Venezuela’s near-collapse and strict U.S. sanctions are creating an opportunity for Russia, Iran and China to strengthen their presence in Latin America, a region that for decades has been under U.S. hegemony. While Russia and Iran have, to an extent, gained a foothold in Venezuela by providing crucial support to the embattled Maduro regime, it is China that stands to benefit the most if it can secure a close relationship with the socialist authoritarian regime.
Venezuela is endowed with tremendous oil wealth with the pariah South American country possessing the world’s largest petroleum reserves of 304 billion barrels. The growing desperation within Caracas, caused by the petrostate’s near-collapse, has created an opportunity for China to exploit Venezuela’s vast hydrocarbon resources. This could not occur at a more crucial juncture for China with the country overtaking the U.S. to become the world’s largest refiner and the largest importer of crude oil. China’s endless thirst for petroleum, which is a crucial source of energy for its growing economy, is forcing Beijing to look at obtaining greater access to oil supplies around the globe. China’s state enterprises have shown a willingness to circumvent U.S. sanctions to receive crude oil imports from Venezuela and Iran.
Growing pressure to obtain additional crude oil supplies saw Chinese logistics firm China Concord Petroleum Co, known as CCPC, emerge as a leading player in circumventing U.S. sanctions to supply Venezuelan crude oil to East Asian refiners. The firm’s importance is highlighted by data sourced by news agency Reuters which shows that during April and May 2021 vessels charted by CCPC carried more than a fifth of Venezuela’s oil exports during those months. According to a Reuters investigation, CCPC has acquired at least 14 petroleum tankers to transport Venezuelan and Iranian crude despite Washington’s sanctions against both pariah states. By July 2021, Venezuela’s oil exports grew for a second straight month reaching 713,097 barrels per day with most of that crude oil destined for China.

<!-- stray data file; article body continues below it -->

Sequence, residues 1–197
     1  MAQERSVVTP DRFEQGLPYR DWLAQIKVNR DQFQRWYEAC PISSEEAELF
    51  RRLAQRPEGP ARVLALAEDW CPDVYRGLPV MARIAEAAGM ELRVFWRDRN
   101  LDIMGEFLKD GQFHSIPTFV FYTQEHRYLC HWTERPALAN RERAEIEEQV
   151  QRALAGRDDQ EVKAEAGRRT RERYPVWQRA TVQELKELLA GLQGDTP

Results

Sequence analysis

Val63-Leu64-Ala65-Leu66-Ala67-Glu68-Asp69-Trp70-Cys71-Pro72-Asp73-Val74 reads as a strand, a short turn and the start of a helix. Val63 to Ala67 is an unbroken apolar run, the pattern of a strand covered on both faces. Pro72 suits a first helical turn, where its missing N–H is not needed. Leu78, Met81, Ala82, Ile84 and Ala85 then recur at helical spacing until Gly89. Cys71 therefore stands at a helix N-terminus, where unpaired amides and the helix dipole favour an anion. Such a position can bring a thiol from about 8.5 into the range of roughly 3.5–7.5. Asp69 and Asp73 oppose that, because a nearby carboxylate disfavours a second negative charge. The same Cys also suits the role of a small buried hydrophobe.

After abandoning directly extracting Venezuelan crude oil in August 2019 as a response to the stricter sanctions applied by the Trump administration, Beijing is focusing on expanding its presence in the OPEC member. Reportedly, state-controlled China National Petroleum Corp, or CNPC, is sending staff to Venezuela in preparation for investing in operations as President Maduro finalizes legislation aimed at facilitating greater private control of energy projects. That legislation the authoritarian leader hopes will attract the foreign investment urgently required to rebuild Venezuela’s shattered petroleum industry thereby allowing Caracas to reconstruct Venezuela’s failing economy. CNPC is also in negotiations with PDVSA regarding ramping up production at five joint ventures it has with Venezuela’s national oil company.
The importance of attracting foreign investment is emphasized by the parlous state of Venezuela’s once-mighty oil industry with production continuing to decline. By August 2021 oil output for PDVSA and its foreign partner was reported to be an average of 520,000 barrels per day, or slightly less than the 524,000 barrels pumped a month earlier and significantly less than the 713,097 barrels exported by Caracas for that month. Unsurprisingly, July’s oil output is well below the target set by petroleum minister Tareck El Aissami, who in a June 2021 Bloomberg interview stated production will rise to 1.5 million barrels by the end of this year. To meet that ambitious target Venezuela would need to almost triple average daily oil production from July 2021 levels.
The only means of reaching such an ambitious target and eventually returning Venezuela’s oil production to over 2 million barrels daily is by attracting significant foreign capital. PDVSA believes it will take $58 billion to restore production to pre-Chavez 1998 levels of around 3 million barrels per day. Whereas, Maduro has indicated that investing as little as $30 billion will boost production potentially to as much as 5 million barrels daily. Those numbers based on the analysis conducted by other industry experts appear implausible with a far larger investment needed. Leading industry-academic Francisco Monaldi director of the Latin America Energy Program at the Houston-based Center for Energy Studies at Rice University’s Baker believes Maduro’s and PDVSA’s estimates are overly optimistic. In a February 2021 policy brief, Monaldi explained it would take an investment of $10 to $12 billion annually for a decade, “over $110 billion in total” for Venezuela to lift crude oil output to 1 million barrels per day within two years and then reach 2.5 to 3 million barrels daily by the end of 10 years.